- Priority 1: Creating strong civic, business, and political leadership to quickly implement needed changes that assure energy and national security for this country
- Priority 2: Developing and sustaining an alternative energy capability
- Priority 3: Migrating to alternative (sometimes called "clean") energy sources
- Priority 4: Widespread increased dependence on domestic energy efficiency
He states, that "no 21st-century economy can be secured without a steady supply of energy. Without adequate energy to power contemporary civilization, there is no security at all."
He concludes by urging "action on energy security issues at the highest levels of government, industry, and civic engagement. We have many examples to draw lessons from both here and abroad that can inform our actions. But we must act; we must engage. It is the only path available for our survival."
In chapter four, Louis Infante offers his approach to energy security. Infante is the executive director, Government and Military, for Ricardo, Inc., an independent automotive engineering consulting company, where he is responsible for strategy development and enactment in the military and government markets. He advocates a National Energy Security Initiative administered by the Department of Energy and joined by every government department with responsibilities that will be affected by energy -- in essence, practically all departments." He describes a specific model that the U. S. could use to manage the complexities of its entire energy system.
"This initiative would include mechanisms to improve the research and development policymaking decisions and strategies to make them real." He recommends that "U.S. leadership must overcome barriers to establishment of a national policy on energy that prescribes an endgame and the plan to achieve it." He concludes that "the National Energy Security Initiative will provide the coordinating efforts in planning and technology R&D that can assure success in the redevelopment of the U.S. energy system. And it can start within DOD as a first application of success."
In chapter five, Myra Howze Shiplett, Wendy Russell, Anne M. Khademian, and Lenora Peters Gant address the complex set of issues of whether a nation can be an economic or military superpower without a plan to ensure it has people with the right knowledge and capabilities throughout its society. They point out, "In 2010, America was ranked 12th in the number of 24- to 35-year-olds with college degrees... among 36 developed nations" compared to sixth in post-secondary educational attainment in the world among 25- to 60-year-olds."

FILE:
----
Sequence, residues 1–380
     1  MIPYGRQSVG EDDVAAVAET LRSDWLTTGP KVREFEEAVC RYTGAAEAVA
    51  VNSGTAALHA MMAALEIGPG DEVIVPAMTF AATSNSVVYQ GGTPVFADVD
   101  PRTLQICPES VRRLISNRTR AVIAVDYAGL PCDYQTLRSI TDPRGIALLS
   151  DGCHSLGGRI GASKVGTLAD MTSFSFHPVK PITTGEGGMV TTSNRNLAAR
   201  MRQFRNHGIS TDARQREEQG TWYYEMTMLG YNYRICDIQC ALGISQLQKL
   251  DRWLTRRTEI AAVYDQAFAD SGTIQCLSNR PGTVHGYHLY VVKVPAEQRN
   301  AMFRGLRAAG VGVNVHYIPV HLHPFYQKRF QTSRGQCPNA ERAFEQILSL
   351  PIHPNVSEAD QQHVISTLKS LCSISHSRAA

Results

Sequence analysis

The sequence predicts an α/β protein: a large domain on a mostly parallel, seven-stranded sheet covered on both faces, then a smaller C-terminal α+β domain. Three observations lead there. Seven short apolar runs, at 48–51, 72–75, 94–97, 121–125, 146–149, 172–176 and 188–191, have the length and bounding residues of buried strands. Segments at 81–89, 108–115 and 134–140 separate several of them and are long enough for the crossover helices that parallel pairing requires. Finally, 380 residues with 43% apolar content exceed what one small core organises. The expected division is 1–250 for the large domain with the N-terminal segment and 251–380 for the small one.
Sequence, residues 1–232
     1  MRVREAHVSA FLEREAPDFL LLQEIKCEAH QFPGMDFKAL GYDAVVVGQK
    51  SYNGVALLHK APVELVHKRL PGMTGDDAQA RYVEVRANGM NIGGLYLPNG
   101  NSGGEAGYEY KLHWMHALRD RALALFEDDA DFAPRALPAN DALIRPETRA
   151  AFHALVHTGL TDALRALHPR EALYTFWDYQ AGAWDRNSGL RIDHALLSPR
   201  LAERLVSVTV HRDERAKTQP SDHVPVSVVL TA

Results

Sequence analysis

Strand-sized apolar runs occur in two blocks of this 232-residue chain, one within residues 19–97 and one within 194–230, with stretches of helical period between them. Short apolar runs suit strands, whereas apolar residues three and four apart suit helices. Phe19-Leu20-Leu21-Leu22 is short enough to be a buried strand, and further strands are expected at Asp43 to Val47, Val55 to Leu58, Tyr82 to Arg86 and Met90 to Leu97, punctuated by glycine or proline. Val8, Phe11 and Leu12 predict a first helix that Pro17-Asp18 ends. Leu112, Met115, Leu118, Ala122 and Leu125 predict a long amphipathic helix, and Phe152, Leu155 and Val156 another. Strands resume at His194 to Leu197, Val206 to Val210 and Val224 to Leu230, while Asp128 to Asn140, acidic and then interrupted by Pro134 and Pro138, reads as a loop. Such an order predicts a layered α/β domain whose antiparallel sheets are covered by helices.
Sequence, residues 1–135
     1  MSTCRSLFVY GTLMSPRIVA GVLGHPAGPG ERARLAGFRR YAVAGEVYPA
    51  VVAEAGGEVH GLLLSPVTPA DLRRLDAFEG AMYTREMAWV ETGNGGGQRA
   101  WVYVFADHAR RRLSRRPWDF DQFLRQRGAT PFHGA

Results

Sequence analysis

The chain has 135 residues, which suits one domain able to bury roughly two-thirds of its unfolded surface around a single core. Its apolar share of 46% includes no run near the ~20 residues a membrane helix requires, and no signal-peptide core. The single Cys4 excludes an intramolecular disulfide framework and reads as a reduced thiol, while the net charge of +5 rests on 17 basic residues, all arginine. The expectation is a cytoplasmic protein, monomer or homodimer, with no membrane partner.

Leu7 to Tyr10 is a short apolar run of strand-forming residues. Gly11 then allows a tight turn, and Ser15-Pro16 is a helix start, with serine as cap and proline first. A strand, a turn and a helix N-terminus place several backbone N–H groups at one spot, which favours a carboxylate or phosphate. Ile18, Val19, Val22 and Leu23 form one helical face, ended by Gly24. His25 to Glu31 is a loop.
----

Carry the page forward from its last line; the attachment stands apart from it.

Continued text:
Also, a major problem is that "Nationwide, only about 70% of students earn their high school diplomas" with lower rates for minority students -- "only 57.8% of Hispanic, 53.4% of African American, and 49.3% of American Indian and Alaska Native students." They discuss the five steps needed for the "Architecture of the High School Educational Future" and a new kind of graduate education that will produce practitioners/scholars" with the skill sets needed for public service. They conclude that "A vibrant, growing economy that provides jobs for America's citizens is an essential component of our national security. A critical success factor for such an economy is a well-educated workforce, equipped to deal with the complexities of the 21st century The security of our nation demands this commitment."
In chapter six, Carmen Medina explores the many issues that surround what it means to have innovation as a major element of a nations economy. Carmen Medina retired from the CIA in February 2010 after over 30 years of service. Her last assignment was as Director of the Center for the Study of Intelligence, where she developed and managed CIA's first agency-wide Lessons Learned Program. First, she explores some definitions of innovation: "technology-based that leads to new industries," as opposed to "social innovation, which refers to changes in the way people behave," as well as agricultural innovation,"defined as the application of knowledge of all types to achieve desired social and economic outcomes." She states that "The capacity for innovation has been the primary catalyst of U.S. economic growth. Indeed, capitalism essentially is built on innovation and the concept of creative destruction. Going forward, innovation will be even more critical to U.S. economic prosperity."